book+review category archives
The book in two sentences: "There are two alternatives: one is to bitch about reality and the other is to harvest the gifts it just gave us. This is what I call the freedom of choice."
"Bare Bones Change Management" by Bob Lewis is pretty much what it says it is: The basics of change management. The underlying premise of Lewis’ discussion in the book is around the old yarn that people (employees) resist change because they are stupid / dumb / uninformed / don’t understand. His claim, employees resist change because they’re smart.
"Look before you lean" by Employee X is an interesting study of a Lean implementation from the perspective of someone on the inside who didn't like what he saw.
I re-read Goldratt's book on the TOC approach to project management, Critical Chain. Some interesting food for thought here, even for a guy who does quite a bit of CCPM work.
John Kotter's A Sense of Urgency is completely focused on the first of his eight step change model. The book describes the basic problem (too much complacency and false urgency; not enough urgency), describes a high level strategy to create urgency, and gives four tactics to help increase urgency.
I picked up Steve Tendon and Wolfram Muller's Tame the Flow: Hyper-Productive Knowledge-Work Management shortly after the TOCICO conference in June, and every time I pick it up I glean a different take on the embedded ideas. I enjoyed the thinking here, particularly since I am seeing more and more project management that is all about managing the flow of knowledge work.
"Were you reading a business book written as a graphic novel?" Yep. It was _Commitment_ by Olav Maassen, Chris Matts, and Chris Geary. It is an interesting take on project management with a focus on real options, a topic that I've been obliquely aware of.
After the TOC ICO conference, I picked up Yuji Kishira's Wa - Transformation Management by Harmony, based on a conversation with him and other attendees. It is a fun take on Theory of Constraints, change management and other topics.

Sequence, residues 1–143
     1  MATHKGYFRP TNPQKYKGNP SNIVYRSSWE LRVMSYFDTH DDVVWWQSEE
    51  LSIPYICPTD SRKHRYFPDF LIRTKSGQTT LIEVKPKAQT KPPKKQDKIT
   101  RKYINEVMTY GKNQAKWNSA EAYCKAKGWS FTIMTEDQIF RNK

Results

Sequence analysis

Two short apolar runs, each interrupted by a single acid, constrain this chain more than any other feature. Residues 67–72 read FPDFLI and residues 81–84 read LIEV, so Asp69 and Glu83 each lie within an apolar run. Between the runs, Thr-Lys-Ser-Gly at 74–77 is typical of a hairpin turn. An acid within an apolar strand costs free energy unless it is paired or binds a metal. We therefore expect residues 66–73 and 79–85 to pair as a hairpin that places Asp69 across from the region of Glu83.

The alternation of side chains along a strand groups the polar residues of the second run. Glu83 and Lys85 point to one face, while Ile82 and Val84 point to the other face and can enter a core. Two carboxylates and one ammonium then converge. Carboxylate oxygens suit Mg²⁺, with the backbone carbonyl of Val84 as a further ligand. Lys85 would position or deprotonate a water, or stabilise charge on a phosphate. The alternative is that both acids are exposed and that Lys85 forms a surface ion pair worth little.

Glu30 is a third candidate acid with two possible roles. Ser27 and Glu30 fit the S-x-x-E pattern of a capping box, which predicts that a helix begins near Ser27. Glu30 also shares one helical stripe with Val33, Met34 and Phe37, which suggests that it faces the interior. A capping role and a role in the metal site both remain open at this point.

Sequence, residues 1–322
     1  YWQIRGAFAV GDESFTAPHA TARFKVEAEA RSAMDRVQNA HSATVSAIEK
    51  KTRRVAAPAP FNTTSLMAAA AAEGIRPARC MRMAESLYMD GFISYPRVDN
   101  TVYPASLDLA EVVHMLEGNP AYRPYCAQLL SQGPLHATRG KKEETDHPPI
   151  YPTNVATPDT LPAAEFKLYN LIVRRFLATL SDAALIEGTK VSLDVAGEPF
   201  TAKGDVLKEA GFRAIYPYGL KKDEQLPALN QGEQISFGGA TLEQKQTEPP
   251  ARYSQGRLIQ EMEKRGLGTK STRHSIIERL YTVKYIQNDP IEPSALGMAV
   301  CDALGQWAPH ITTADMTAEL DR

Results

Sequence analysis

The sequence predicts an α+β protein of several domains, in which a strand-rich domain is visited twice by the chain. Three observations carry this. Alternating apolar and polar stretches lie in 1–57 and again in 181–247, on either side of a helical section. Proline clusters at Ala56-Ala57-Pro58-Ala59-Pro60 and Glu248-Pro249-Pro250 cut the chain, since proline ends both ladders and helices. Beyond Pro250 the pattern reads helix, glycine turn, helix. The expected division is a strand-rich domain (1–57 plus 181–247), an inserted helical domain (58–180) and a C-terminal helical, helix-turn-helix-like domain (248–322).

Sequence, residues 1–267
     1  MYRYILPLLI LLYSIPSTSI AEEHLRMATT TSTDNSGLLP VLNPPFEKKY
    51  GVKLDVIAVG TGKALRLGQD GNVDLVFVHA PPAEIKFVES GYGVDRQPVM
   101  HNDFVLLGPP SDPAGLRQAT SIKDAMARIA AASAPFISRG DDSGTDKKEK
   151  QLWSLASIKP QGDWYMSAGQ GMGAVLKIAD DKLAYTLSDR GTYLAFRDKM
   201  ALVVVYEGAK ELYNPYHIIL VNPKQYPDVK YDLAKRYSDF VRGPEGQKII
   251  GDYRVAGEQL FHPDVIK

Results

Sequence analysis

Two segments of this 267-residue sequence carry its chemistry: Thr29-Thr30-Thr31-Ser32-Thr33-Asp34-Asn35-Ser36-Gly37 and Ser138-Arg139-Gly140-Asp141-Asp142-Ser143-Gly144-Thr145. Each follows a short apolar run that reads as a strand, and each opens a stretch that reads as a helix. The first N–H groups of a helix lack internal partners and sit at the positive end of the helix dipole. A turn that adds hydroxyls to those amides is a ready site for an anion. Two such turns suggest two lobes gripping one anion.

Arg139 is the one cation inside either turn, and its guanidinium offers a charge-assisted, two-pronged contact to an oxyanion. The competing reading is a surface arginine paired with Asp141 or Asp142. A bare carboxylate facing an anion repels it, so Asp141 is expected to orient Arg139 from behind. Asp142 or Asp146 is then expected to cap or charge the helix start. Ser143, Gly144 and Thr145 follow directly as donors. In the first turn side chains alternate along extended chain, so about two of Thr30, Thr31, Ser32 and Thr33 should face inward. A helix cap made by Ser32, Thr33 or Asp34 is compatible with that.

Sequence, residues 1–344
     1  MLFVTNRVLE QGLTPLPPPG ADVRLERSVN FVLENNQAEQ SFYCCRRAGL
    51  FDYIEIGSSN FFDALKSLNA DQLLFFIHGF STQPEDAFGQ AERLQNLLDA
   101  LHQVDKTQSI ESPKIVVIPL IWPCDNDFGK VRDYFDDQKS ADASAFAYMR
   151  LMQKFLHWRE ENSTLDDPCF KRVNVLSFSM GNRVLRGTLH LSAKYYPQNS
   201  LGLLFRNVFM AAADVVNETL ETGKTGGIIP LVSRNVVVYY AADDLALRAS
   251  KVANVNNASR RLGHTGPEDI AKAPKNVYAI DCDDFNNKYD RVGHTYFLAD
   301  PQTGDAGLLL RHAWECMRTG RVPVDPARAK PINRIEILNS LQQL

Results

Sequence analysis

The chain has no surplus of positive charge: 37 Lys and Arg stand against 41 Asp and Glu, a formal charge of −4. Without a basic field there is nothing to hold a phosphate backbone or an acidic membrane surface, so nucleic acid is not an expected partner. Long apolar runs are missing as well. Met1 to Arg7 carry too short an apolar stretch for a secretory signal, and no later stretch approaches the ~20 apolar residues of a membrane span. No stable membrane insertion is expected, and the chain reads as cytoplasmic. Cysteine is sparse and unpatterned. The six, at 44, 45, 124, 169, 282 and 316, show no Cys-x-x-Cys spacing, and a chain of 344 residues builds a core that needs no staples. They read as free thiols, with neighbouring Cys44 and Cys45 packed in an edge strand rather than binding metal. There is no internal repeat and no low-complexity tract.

My review of "The Phoenix Project: A Novel About IT, DevOps, and Helping Your Business Win" by Gene Kim and gang. I enjoyed it, and ended up staying up late to finish it. The structure of the book is quite familiar: business novel; looming disaster; averted with the determination of the protagonist (and colleagues) and the help of a wacky "guru." There are some new-to-me concepts that fit neatly with my current worldview.
I re-read Eli Goldratt's The Goal. I enjoyed reading it again for the nuggets embedded throughout and the reminder that this is a solid way to help people and organizations think differently about their situation.
I've had the Stop Starting, Start Finishing brochure / comic from Arne Rock and his team sitting in my briefcase ever since the Lean Kanban conference last spring. It's a fun read about how Justin (Time) does a Kanban implementation.
I read Bob Sproull's _Epiphanized_ in just a few days and found it told a gripping story of TOC transformation, even if the writing style was sometimes off-putting.
Thomas Corbett's _Throughput Accounting_ is a quick read and very familiar for someone who has been in the Theory of Constraints world. I wonder if anyone comes to TOC via this route, rather than through The Goal and some of the other business novels.
This book is a collection of 122 management f/laws described by Ackoff and compiled and updated by Herbert Addison. Good fun.
I just finished reading David Byrne's somewhat autobiographical research, How Music Works. I found Talking Heads and some of his other projects playing on the stereo much more frequently than usual.
Portia Tung has a choose-your-own adventure version of a business novel, this time about going into a client as an Agile Coach (consultant) with five days to turn things around.
The latest read from my backlog is David Anderson's 2004 look at "Agile Management for Software Engineering: Applying the Theory of Constraints for Business Results." It's a great combination of two of my interest areas today.
The New Social Learning by Tony Bingham and Marcia Conner is a great primer for thinking about using social media within organizations, with a focus around how these tools enhance organizational learning capacity.
I recently finished an interesting set of books that seemed to share a theme. Or at least a thread of the familiar: Betterness by Umair Haque; The Elastic Enterprise by Nicholas Vitalari and Haydn Shaughnessy; Abundance by Peter H Diamandis and Steven Kotler; and At Home by Bill Bryson.
Overall, David Weinberger's new book, Too Big to Know, is an interesting study of knowledge and where the networked world is taking us.
I breezed through Jim Benson's short and informative Why Plans Fail: Cognitive Bias, Decision Making, and Your Business. As you can see from the subtitle, it isn't about blaming someone else for why plans fail. It's about helping us see how our own thinking gets us in this mess.
Euan Semple's "Organizations Don't Tweet People Do" compiles his great thinking on helping organizations make the shift to being more human.
To create change we have to move people to a new way of acting with each other (behaviors). The concept behind Viral Change is to make those behaviors infection: spread, copy, reinforce, and spread more.